• Who owns the business, and what is your relationship like with those individuals?

Kuda's Key Insights:

  • Need to move forward with getting a firm plan, in numbers, from the promising processor, to further determine whether there is a capacity issue, or a risk aversion issue.
  • May need to expand call for proposals to other actors as well.

 Decisions, Actions, and Follow-Up:

  • Central challenge remains unsolved: identifying private sector companies willing to go the last mile and how to motivate them without giving grants.
Participant 3: Kate Reott

Program Manager
Village Enterprise (Kenya and Uganda)

Kate's Challenge:

  • Village Enterprise works with extremely poor women to help them start businesses, and puts them in groups, provides training and a start-up grant to start a business.
  • In a new pilot project in Uganda, starting business cooperatives that bring together savings groups to conduct business at larger volumes. To support this, VE is trying to conduct comprehensive market research to start mapping out value chains, to understand the wider set of actors, to provide better information to cooperatives.
  • Challenges:
    • (1) Knowing how to do the market research - is the approach of starting small and working our way up good? Will that get us interviews with the right people?
    • (2) Bigger buyers don't always know how to explain their growth - didn't share complete information about how they got to where they are. How to uncover this tacit knowledge given the different experience level of different business owners.
    • (3) Geography and infrastructure/transport. Running all over rural Uganda to track down buyers/suppliers. Huge transport cost (organizationally) - pulls into question… cost of reaching the last mile. How do we know if we have interviewed the right people?

Sample Group Questions for Kate:

  • What kind of businesses are women starting?
  • How can you start with the end market and work backwards, rather than being supply-driven?
  • How to move beyond start-up grants towards more market-based mechanisms?

Kate's Key Insights:

  • There is a balance between an ideal market systems approach and working with existing programs and assets (i.e. small women entrepreneurs).
  • Taking a behaviour change lens to thinking about training can expand the notion of what might influence the success of businesses/cooperatives.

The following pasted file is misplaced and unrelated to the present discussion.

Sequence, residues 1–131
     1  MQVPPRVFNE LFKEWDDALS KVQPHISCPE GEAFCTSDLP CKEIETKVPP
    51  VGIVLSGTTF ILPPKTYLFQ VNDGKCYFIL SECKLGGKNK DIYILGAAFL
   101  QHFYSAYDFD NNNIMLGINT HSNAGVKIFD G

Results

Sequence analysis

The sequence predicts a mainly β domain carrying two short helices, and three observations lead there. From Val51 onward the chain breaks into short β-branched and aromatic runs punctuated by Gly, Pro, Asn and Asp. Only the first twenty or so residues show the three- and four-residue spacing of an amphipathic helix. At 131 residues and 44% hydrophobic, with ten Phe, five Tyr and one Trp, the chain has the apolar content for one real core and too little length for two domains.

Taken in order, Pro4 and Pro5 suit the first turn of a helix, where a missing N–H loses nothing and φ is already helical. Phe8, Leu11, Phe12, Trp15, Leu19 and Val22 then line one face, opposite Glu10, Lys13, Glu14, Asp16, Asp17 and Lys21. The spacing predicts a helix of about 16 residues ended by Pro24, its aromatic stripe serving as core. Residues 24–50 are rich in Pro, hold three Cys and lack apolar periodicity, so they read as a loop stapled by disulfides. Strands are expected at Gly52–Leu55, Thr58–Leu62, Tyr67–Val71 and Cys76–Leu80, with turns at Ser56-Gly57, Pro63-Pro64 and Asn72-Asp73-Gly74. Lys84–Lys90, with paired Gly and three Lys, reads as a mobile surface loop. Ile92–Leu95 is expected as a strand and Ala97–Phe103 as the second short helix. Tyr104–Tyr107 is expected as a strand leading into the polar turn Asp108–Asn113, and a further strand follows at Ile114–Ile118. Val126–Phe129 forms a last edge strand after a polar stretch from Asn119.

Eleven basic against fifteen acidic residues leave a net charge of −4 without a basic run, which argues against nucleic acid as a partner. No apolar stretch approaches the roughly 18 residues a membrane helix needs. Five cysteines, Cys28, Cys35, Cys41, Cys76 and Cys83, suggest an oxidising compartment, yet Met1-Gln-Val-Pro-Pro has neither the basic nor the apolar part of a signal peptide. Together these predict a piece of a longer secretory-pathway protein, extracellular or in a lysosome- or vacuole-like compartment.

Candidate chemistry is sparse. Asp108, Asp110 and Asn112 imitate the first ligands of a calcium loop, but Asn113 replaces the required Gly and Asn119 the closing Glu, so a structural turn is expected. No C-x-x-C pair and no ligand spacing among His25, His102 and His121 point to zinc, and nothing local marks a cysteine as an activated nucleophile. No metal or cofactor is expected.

• Leveraging existing government actors can be helpful, but their incentives are not always aligned with those of private sector actors or your specific project.

 Decisions, Actions, and Follow-Up:

  • "Methods for identifying and selecting lead firms" helped Kate select an implementing partner for the business cooperatives project.
  • Operationalizing learning from this pilot project would likely mean taking a demand-driven approach to pairing business owners with buyers.
Participant 4: Erwin Simangunsong

Operations and Grants Manager
World Vision (Timor Leste)

Erwin's Challenge:

  • Looking to develop business case for farmers and urban supermarkets to jointly invest in greenhouses for rural vegetable production by small-scale farmers.
  • World Vision has community presence and relationships with ~100 villages and has established 50 farmers groups
  • Challenge is to structure the "offer" in such a way that it is commercially viable for supermarkets, farmers and World Vision without distorting the market too much.
  • Erwin sent a slide deck with the business case in advance to other group members to get feedback on the presentation.

Sample Group Questions for Erwin:

  • What do you see as the role for World Vision in 2-4 years? How can you set this up so you get yourselves out of a job?
  • In your 5-year financial projections, did you consider all of the costs, including those borne by donors?
  • How can you ensure farmers are reinvesting their profits so the supply chain is maintained with the supermarket?
  • What metrics are you using to define success?

Erwin's Key Insights:

  • Trying to overcome a culture of everything being given for free - how to get farmers to invest, in technology (greenhouses) and in training?
  • Goal is to reduce the intensity of support over time as the model proves its value/worth.

 Decisions, Actions, and Follow-Up:

  • Need to pay careful attention to what happens after the first year - price, side-selling, farmer trust and follow through is key.
  • Trying to track the profit for the farmers groups and be aware of the oversupply of a given crop that leads to price deflation. (linked to recent experience of this with banana chips in Dili.